RE: Being Fair!
By dever on 4/5/07, Rating: 0
RE: Being Fair!
By derwin on 4/5/2007 6:21:13 PM , Rating: 2
Please cite where you found this 5% figure, I would be very interested to read this.


RE: Being Fair!
By masher2 (blog) on 4/5/2007 6:27:38 PM , Rating: 2
> "Please cite where you found this 5% figure..."

It's in the full IPCC report. 95% of all GHG emissions are nonanthropogenic in nature.


RE: Being Fair!
By BMFPitt on 4/5/2007 6:54:44 PM , Rating: 2
I've never seen the 5% figure, but if it's really that high (which I doubt) then we're pretty screwed.

The Earth has always been in a delicate balance, and 5% is a giant number in the context of things, especially considering we're (at best) not taking any more out of the air than nature is.

Think of compound interest.


RE: Being Fair!
By masher2 (blog) on 4/5/2007 7:25:48 PM , Rating: 1
> "The Earth has always been in a delicate balance..."

The facts don't support you there. During the Devonian, CO2 levels were 10 to 20 times higher than they are today. That is, not coincidentally, the richest period of plant and animal growth and development the planet has yet seen.


RE: Being Fair!
By SquidianLoveGod on 4/5/2007 9:17:49 PM , Rating: 2
Unfortunately We have no idea what effects those levels of CO2 levels would do to the human race over a LONG period of time, And the earth has always been in a balance, that balance just occasionally changes like the, Ice age when There wasn't enough green house gases, etc. And I would like to see some proof of the richness of the earth if CO2 levels were 10 to 20 times greater.


RE: Being Fair!
By TomZ on 4/5/2007 9:51:19 PM , Rating: 1
quote:
Unfortunately We have no idea what effects those levels of CO2 levels would do to the human race over a LONG period of time

Uh, yes we do - humans would adapt, just like they have for thousands of years. The idea that slow environmental changes could somehow threaten the human race is ludicrous.


RE: Being Fair!
By SquidianLoveGod on 4/5/2007 10:29:03 PM , Rating: 2
If we are injecting thousands of tonns of CO2 into the atmosphere it wouldn't be a slow enough process to adapt, remember it takes a long time for evolution to adapt to its environments, The human race may survive at a great cost, only because of technology, But our food source etc would be greatly threatened.


RE: Being Fair!
By TomZ on 4/5/2007 10:31:22 PM , Rating: 2
Well, the reports I've seen suggest that global warming will increase the length of the growing season in the Northern hemisphere, and thus increase food production. Is that the effect you mean on our food sources? Seems like your example contradicts the point you are trying to make.

Anyway, live in fear if you want.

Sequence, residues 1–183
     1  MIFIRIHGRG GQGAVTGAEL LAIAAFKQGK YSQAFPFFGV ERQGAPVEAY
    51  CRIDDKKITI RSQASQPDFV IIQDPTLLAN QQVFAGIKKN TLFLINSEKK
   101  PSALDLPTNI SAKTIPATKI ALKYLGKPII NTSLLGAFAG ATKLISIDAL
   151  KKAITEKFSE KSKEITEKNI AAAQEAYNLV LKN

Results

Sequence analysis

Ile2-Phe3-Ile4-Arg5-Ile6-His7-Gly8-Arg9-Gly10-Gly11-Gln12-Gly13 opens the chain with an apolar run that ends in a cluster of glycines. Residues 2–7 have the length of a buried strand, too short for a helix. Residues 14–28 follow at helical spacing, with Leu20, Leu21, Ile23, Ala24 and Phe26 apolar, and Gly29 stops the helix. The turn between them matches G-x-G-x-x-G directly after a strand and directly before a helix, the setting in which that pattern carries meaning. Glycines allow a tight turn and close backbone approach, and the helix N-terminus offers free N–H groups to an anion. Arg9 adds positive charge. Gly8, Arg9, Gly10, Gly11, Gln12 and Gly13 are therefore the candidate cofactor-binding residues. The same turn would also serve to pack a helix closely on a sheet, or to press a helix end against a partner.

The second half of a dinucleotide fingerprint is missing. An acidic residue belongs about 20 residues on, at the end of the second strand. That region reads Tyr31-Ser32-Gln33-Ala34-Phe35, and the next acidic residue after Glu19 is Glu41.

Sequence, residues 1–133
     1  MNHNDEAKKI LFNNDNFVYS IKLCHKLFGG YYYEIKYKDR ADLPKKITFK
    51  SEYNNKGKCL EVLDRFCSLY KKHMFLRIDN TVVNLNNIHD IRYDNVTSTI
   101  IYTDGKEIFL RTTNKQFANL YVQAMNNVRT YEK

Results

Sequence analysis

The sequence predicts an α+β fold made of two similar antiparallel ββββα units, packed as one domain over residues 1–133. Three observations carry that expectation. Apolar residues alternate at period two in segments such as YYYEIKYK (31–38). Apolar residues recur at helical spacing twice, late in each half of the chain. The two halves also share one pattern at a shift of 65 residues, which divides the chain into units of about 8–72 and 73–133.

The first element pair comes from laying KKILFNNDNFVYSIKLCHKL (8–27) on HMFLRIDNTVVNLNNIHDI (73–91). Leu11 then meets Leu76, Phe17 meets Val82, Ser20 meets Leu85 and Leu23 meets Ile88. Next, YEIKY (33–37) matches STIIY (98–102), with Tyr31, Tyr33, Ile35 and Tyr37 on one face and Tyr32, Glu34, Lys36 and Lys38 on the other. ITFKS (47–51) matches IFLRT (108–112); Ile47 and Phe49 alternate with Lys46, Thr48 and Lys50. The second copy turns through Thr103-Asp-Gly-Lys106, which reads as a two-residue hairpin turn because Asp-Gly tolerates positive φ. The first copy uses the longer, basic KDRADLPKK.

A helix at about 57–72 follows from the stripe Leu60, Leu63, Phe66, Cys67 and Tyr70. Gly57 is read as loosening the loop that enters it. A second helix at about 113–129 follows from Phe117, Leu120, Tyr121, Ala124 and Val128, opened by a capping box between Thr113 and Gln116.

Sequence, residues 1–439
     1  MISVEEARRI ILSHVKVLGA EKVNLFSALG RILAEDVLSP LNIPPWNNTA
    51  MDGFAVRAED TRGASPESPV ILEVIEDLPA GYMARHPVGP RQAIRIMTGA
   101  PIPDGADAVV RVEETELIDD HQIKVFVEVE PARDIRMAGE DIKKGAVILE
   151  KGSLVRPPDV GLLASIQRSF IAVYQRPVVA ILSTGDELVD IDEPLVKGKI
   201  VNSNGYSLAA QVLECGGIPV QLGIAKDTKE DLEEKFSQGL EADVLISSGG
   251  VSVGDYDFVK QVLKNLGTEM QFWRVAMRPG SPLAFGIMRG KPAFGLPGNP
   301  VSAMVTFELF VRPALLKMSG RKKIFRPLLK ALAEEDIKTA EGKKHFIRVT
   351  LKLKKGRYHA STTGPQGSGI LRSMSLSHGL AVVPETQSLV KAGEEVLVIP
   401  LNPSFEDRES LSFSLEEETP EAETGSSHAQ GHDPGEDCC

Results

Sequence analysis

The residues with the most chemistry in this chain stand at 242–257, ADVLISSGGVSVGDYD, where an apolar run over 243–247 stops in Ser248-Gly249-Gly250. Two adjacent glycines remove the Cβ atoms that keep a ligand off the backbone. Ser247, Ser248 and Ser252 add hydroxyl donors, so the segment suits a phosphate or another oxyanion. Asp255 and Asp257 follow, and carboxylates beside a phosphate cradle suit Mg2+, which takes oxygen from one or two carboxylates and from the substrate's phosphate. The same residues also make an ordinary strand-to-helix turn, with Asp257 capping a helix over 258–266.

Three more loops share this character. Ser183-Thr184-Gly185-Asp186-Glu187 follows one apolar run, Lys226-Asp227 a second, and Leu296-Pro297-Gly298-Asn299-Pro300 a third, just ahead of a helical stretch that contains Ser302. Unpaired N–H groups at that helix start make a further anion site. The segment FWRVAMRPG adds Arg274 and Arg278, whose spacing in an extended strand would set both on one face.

RE: Being Fair!
By SquidianLoveGod on 4/6/2007 7:01:10 AM , Rating: 2
They are only reports, And are not always accurate unless you gather from several sources that state the same thing.
The growing season may extend, but your forgetting about the increase in natural disasters which would not only get more powerful, But alot more frequent also, And what about the those in the southern hemisphere?


RE: Being Fair!
By masher2 (blog) on 4/6/2007 10:20:36 AM , Rating: 3
> "The growing season may extend, but your forgetting about the increase in natural disasters which would not only get more powerful, But alot more frequent also"

Sorry, but this isn't correct. Global warming will most probably reduce the frequency of storms and other severe weather. Such events aren't driven directly by temperature, but rather by temperature differentials between areas. Global warming doesn't warm the tropics, it warms the coldest regions the most, and the temperate zone very slightly. This reduces the differential, and thus the mechanism which creates storms.

If you don't believe the research, take a look at Venus, where runaway global warming has produced a planet hot enough to melt lead. But, since the planet has very little temperature variation, there is no storm activity at all. Now contrast that with a planet like Jupiter which, though much colder, has massive temperature variations which drives storms like the Great Red Spot, a storm much larger than our entire planet, lasting hundreds of years.


RE: Being Fair!
By bernardl on 4/6/2007 12:56:54 AM , Rating: 2
quote:
The next large volcano, however (and I'm not talking little blasts like St. Helens), will demonstrate to us our arrogance in thinking we are the ones truly responsible for climate change.


I always so amused to read the word "arrogance" used in this context. :-)

cheers,
Bernard


RE: Being Fair!
By fic2 on 4/5/07, Rating: 0
RE: Being Fair!
By masher2 (blog) on 4/5/2007 5:31:29 PM , Rating: 3
> " 90% probability is something worth noting"